Lay Lake Classic Boyd Duckett: Sticking to Your Guns

Boyd Duckett
Boyd Duckett

About the author

Tim Tucker

Tim Tucker was a legendary bass journalist and longtime Senior Writer for Bassmaster Magazine. He authored seven books on bass fishing. Tim passed away in 2007, but his work and legacy live on.

By now, the fishing world knows that Boyd Duckett, a 46-year-old Classic rookie from Demopolis, Ala., who qualified through the Bassmaster Southern Tour (now Opens), put together five-bass limits weighing 19 pounds, 4 ounces, 10-15 and 17-13 to win the Classic. And that his three-day total of 48-10 edged Skeet Reese by just 6 ounces.

What fishing fans may not be aware of is the gutsy strategy he employed to capture the sport's premier championship.

"It took guts to use a flipping stick for six hours a day when you know you're only going to get two bites," Duckett admits. "That's what won the Classic.

"The key was having confidence in what it takes to win the Classic. You've got to swing for the fences. And when you're flipping six hours for two bites, you have to have a lot of confidence that you're going to catch them."

The past BASS tournament winner entered the Classic armed with a deadly combination — extensive knowledge of Lay Lake and an open mind. His experience on the 12,000-acre central Alabama impoundment of the Coosa River told him:

  • Throw out the pattern he had developed in pre-practice (cranking for spotted bass at a depth of 8 to 9 feet) a week before the Classic because of the severity of the weather versus the warming trend forecast during the competition.
  • This Classic could not be won without a sizeable largemouth or two each day.
  • Both species of bass would likely be shallow, staging to spawn.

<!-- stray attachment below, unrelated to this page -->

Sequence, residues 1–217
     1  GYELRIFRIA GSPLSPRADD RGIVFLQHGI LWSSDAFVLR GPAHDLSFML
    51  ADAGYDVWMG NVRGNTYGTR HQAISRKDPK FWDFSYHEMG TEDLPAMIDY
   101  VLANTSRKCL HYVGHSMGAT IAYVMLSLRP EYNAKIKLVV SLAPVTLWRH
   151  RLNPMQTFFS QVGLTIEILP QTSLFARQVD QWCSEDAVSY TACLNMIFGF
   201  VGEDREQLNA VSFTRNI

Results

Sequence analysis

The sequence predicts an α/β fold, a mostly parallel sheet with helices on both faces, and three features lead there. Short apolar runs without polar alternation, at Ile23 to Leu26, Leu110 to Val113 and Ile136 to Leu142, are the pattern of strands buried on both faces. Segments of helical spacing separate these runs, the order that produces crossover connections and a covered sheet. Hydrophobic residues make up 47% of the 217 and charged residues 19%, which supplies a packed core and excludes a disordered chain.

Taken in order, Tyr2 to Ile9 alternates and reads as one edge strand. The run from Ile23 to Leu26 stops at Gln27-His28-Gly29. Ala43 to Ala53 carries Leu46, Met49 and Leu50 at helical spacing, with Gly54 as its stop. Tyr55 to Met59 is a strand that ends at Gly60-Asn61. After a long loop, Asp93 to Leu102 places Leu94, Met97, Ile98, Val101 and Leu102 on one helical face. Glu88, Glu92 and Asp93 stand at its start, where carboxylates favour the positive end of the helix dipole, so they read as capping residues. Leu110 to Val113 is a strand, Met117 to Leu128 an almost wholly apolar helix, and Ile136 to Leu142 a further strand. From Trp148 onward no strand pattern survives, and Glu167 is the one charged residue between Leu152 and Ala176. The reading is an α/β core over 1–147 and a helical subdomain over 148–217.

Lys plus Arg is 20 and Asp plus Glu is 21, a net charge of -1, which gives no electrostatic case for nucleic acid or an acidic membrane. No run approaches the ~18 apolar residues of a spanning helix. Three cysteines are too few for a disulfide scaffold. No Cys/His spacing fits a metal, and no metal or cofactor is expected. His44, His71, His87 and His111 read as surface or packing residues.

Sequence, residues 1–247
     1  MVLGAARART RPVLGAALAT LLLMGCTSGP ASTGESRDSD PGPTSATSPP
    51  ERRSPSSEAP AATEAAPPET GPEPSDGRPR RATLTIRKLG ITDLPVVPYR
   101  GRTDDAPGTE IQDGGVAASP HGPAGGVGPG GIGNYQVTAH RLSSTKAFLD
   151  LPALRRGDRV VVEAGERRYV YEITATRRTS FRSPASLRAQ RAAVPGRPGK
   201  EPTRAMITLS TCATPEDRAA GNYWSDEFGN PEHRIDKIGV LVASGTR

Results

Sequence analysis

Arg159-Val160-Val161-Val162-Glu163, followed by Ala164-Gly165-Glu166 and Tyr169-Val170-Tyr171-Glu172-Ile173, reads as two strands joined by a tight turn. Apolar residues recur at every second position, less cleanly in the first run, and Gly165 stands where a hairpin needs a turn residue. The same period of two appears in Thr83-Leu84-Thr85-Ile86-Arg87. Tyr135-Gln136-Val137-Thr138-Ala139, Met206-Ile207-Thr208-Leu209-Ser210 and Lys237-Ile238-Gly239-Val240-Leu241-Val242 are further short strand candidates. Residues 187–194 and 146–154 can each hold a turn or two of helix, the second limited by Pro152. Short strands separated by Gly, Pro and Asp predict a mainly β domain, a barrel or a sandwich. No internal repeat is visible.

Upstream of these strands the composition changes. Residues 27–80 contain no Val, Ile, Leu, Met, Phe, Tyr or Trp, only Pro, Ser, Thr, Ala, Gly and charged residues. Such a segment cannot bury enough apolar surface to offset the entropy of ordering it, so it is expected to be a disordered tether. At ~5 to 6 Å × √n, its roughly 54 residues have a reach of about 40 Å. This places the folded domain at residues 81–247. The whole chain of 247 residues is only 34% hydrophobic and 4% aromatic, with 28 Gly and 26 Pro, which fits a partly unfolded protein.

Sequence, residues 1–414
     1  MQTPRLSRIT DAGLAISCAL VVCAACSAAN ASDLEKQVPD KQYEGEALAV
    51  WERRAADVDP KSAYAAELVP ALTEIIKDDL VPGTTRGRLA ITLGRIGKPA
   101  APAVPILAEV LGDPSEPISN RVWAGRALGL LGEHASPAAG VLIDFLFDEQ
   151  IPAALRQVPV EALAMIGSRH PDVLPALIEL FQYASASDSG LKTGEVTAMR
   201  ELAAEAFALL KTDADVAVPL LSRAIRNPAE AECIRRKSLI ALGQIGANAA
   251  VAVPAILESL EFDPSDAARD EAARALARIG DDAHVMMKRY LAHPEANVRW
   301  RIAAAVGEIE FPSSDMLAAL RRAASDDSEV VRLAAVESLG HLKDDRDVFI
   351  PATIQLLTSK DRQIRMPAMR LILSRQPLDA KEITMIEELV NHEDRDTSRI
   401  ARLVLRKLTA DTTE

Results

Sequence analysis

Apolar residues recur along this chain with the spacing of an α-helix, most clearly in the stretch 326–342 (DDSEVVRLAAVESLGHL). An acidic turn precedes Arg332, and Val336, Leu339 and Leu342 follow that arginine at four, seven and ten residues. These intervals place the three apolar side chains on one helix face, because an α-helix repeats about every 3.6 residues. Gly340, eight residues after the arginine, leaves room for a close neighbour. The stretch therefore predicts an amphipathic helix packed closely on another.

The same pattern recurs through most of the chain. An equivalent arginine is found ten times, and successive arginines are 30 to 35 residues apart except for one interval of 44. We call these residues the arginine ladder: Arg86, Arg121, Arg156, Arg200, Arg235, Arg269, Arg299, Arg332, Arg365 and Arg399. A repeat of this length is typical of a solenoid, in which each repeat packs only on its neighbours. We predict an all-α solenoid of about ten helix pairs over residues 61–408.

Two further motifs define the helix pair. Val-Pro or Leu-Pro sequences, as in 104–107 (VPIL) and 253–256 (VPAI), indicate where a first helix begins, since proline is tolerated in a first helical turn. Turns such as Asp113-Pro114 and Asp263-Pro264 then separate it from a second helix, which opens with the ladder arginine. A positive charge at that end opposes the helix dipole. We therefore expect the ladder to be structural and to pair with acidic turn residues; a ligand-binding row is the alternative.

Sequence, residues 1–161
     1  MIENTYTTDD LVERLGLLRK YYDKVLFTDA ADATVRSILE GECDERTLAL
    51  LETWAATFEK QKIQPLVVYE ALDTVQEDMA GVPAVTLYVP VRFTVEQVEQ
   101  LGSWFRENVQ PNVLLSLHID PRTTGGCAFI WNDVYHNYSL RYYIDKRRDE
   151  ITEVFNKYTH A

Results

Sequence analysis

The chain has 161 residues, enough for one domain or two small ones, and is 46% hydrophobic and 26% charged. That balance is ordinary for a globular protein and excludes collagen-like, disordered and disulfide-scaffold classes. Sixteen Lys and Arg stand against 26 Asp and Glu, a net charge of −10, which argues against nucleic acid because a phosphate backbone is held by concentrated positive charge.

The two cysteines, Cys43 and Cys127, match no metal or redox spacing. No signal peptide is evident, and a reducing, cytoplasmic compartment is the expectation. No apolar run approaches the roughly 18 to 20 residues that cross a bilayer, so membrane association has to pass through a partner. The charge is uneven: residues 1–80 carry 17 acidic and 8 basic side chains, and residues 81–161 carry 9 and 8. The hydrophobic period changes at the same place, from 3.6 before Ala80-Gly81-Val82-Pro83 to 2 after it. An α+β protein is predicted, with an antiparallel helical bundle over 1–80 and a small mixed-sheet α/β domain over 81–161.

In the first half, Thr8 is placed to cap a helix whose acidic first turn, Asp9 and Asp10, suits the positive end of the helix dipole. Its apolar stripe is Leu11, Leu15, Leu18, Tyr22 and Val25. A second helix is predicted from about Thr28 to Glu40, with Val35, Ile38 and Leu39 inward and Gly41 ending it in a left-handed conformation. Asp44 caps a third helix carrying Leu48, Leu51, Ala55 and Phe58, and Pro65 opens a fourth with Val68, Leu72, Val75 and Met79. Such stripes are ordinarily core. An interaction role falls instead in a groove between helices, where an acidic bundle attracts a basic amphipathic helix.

"I've fished Lay Lake a fair bit, but I didn't go into this tournament really using my local knowledge," Duckett adds. "I went into Lay really open-minded."

So, Duckett took a double-barreled approach heading into Day 1. Early each morning, he crawled and banged a 1/2-ounce Rat-L-Trap across the gravel floor of a couple of small secondary points to entice spots that were cruising in 2 to 4 feet of water. He then moved to the back of Cedar Creek, where he concentrated on water willows growing at a depth of 1 to 3 feet — flipping and pitching a Berkley Powerbait Chigger Craw for largemouth.

That is where patience and perseverance won out.

Content to spend the bulk of each day fishing for a couple of big bites, Duckett was rewarded with two of the three daily Purolator Big Bass winners — an 8-pound, 2-ounce beauty on Day 1; and the Classic clincher, a 6-pound, 9-ounce final-hour largemouth.

"The Rat-L-Trap was mostly for confidence and I was catching a few decent fish on it. But the longer you keep a flipping stick in your hands this time of year and move back to the prespawn locations, the better off you're going to be."

CLASSIC DETAILS

NO. 1 BOYD DUCKETT

LURES: 4-inch Berkley Powerbait Chigger Craw, Texas rigged, black with red flake; 1/2-ounce Bill Lewis Rat-L-Trap, red crawfish/brown back.

TACKLE: Flipping 65-pound-test Stren Super Braid, 1-ounce pegged Tru-Tungsten weight, 5/0 Owner hook, 7-6 Air heavy action Airrus N-Sync flipping rod, Abu Garcia Revo reel. Cranking: 15-pound-test prototype Berkley fluorocarbon, 7-foot medium action Airrus Co-Matrix 457 rod, Revo reel.

TECHNIQUE: Early each morning he crawled the Rat-L-Trap slowly along the gravel bottom of secondary points to get a limit of spots. After Duckett filled his limit, he moved to some water willows adjacent to spawning flats and flipped/pitched the craw for largemouth. 

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